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explored in the context of geographical isolation, interpersonal rivalry and competing ideologies of mission. These scandals erupt in the final section of the book, an appraisal of the complex and divergent ways in which ideologies of mission and the rule of law were interpreted on the frontier. In putting the geographically and archivally inaccessible Cherrapunji at the centre of an imperial history, I am

in Welsh missionaries and British imperialism

Soviet positivist perception of technologies as tools to advance a grand social and/or economic cause. But it was also based upon the dominant urge within mainstream society to preserve the ‘purity’ of national culture.34 It is telling that the first loud advocate of IT development in Armenia was the Ministry of Foreign Affairs. This could lead us to claim that IT was perceived as a gateway to overcoming the geographical isolation in which Armenia had found itself since the early 1990s: it would provide virtual communication with the outside world. This would

in The political aesthetics of the Armenian avant-garde

and geographical isolation during the twentieth century vis-à-vis the rest of the European continent, Albania has taken a fairly specific developmental route, something which is reflected in the formation of its political outlook. As in other cases, here, too, tight ties between the extreme Right and extreme nationalist currents may be sought, arising in the Albanian environment during the first decades of the twentieth century as a reaction to regional development. One organization which may be counted here is Homeland (Atdheu), a radical national association

in The Far Right in the Balkans
Diaspora for development?

and the social, economic, political and cultural consequences of a shrinking population; for New Zealand, the diaspora is seen as a means of countering geographical isolation from the global economy; for Armenia, the diaspora is being seen as a resource in the reassertion and reclamation of a post-Soviet national identity and trajectory; for India and China, diasporic groups are being deployed to broker integration into the global economy at a moment when the global distribution of power is being realigned; while for Mexico, the efficient harnessing of diasporic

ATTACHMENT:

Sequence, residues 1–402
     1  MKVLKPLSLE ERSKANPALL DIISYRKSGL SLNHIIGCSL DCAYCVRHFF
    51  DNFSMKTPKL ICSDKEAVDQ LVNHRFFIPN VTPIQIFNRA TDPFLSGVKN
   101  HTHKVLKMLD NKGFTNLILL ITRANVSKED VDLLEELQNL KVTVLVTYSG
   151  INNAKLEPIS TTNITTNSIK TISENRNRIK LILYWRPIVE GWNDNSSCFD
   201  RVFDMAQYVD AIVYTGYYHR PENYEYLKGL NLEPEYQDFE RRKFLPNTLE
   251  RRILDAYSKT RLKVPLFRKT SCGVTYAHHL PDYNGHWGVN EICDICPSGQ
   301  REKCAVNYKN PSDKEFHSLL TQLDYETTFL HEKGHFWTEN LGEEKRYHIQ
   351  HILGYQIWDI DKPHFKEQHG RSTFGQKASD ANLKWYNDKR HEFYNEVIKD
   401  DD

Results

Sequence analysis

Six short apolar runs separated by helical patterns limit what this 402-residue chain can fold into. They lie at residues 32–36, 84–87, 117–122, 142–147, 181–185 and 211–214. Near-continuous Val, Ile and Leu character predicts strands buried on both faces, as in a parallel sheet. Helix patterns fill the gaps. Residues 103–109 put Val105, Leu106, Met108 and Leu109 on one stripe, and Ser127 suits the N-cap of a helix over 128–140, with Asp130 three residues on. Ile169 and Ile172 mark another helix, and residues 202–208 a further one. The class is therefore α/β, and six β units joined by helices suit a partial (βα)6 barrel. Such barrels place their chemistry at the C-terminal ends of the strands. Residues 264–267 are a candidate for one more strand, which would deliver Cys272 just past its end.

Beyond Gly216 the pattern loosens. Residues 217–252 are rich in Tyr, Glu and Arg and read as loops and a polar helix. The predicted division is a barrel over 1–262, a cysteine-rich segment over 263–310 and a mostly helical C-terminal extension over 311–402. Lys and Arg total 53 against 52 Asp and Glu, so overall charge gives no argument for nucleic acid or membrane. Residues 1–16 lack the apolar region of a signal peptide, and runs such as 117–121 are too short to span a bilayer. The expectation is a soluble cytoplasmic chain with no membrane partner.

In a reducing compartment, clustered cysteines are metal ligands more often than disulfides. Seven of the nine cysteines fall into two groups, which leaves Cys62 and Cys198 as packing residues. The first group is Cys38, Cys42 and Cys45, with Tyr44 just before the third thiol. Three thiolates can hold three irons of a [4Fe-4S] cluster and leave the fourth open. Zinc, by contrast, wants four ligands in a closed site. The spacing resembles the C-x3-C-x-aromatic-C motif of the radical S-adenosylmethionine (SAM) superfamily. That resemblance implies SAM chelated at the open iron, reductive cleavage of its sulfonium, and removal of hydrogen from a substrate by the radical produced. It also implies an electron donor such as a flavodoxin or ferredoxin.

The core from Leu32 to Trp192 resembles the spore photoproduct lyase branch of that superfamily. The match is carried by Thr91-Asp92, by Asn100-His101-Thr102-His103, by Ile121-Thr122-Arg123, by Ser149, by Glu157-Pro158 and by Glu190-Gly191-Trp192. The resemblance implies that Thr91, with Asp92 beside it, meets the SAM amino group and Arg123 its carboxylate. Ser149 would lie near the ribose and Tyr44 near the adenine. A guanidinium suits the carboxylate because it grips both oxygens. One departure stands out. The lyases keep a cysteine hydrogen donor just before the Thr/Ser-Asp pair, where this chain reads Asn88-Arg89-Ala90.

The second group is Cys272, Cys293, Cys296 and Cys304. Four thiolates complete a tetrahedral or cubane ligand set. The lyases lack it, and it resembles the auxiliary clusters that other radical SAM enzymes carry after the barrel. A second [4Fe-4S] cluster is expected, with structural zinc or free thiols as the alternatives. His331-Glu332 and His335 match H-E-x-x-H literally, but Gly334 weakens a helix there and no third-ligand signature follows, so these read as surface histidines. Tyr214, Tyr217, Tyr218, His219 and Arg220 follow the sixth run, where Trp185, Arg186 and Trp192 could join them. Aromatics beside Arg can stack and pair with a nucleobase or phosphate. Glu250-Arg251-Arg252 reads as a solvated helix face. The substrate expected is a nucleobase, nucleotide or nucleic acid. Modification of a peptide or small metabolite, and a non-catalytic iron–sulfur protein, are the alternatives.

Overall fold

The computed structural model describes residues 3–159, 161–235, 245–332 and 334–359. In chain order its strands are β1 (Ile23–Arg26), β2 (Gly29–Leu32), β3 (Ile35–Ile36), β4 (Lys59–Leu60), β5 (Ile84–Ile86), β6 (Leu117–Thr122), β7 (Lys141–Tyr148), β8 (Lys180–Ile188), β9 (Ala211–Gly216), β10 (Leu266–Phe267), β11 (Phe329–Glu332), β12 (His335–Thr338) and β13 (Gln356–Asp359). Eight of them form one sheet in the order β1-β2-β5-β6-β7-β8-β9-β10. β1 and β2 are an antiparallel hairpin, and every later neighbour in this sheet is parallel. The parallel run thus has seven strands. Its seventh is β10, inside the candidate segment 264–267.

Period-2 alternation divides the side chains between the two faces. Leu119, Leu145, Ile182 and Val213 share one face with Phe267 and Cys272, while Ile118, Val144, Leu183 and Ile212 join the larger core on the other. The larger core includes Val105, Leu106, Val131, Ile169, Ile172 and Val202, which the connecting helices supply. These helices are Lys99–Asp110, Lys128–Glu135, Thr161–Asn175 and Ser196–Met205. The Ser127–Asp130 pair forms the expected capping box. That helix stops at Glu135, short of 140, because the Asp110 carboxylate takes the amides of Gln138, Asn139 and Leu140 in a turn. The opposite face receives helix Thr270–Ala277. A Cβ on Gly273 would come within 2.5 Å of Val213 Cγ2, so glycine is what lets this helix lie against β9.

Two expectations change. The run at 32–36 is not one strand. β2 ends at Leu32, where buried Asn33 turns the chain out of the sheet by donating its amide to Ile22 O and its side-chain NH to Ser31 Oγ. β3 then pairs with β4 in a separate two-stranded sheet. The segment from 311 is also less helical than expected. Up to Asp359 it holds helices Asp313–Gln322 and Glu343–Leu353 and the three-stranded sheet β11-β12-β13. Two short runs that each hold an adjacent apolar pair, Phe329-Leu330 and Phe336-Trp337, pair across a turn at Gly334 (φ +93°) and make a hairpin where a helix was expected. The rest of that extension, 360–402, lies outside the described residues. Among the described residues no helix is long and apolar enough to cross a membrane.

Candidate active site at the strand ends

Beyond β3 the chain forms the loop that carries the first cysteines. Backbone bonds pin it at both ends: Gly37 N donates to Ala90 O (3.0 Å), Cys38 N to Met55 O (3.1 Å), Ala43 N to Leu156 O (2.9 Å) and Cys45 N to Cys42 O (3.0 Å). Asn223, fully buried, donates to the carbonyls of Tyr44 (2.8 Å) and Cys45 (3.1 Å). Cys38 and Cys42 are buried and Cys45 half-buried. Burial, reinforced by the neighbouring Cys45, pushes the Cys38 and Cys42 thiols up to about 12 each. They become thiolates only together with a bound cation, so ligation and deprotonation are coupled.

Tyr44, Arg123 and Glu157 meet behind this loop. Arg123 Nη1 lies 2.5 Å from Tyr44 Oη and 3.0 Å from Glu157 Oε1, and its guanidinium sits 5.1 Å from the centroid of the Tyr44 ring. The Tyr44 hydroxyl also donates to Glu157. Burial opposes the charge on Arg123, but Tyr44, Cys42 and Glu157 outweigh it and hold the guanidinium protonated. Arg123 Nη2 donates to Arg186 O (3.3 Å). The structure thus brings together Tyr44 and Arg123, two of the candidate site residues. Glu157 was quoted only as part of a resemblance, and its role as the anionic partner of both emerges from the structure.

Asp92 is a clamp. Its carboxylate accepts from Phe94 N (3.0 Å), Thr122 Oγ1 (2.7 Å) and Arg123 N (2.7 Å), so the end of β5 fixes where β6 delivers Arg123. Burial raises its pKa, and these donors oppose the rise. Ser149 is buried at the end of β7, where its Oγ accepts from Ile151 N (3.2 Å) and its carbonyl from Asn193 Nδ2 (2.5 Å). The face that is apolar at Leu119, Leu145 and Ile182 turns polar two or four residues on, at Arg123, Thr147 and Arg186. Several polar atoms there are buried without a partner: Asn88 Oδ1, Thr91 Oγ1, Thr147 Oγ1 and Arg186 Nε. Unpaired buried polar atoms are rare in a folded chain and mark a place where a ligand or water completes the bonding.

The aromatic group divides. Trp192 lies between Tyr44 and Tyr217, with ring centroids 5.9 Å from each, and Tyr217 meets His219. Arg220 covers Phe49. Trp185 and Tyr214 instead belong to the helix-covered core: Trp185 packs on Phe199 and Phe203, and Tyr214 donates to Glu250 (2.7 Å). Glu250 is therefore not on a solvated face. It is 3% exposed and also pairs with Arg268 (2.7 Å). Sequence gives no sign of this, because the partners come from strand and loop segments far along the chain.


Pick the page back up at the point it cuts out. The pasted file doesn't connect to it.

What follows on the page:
in Migrations
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Jonathan Rayner

Cars That Ate Paris ). The only qualification of this might be that the human environment (the social construct in either the rural or urban setting) is conceived as vitiated or perverse in itself (as in Summerfield and Heatwave ), and that geographical isolation (of the rural communities, the coastal cities and the island continent itself) merely reveals inherent characteristics. This caveat allows the incorporation of period films which embody a Gothic criticism of establishment authority and its relationship with the

in Contemporary Australian cinema
William Richardson and geology

on his first-hand knowledge of the geological singularity of the Antrim coastline; yet, at the same time, geographical isolation cut him off. He asked Greenough, ‘Has he [Playfair] fallen upon me as threatened?’ but attributed this need to ask to his own distance from the centre of debate: ‘my friends must tell me for in my retirement I never hear of such things’.57 What Richardson saw as a disadvantage Davy would have seen as advantageous, claiming in a lecture that ‘it is from minds nourishing their strength in solitude, and exerting their strength in society

in Science, politics and society in early nineteenth-century Ireland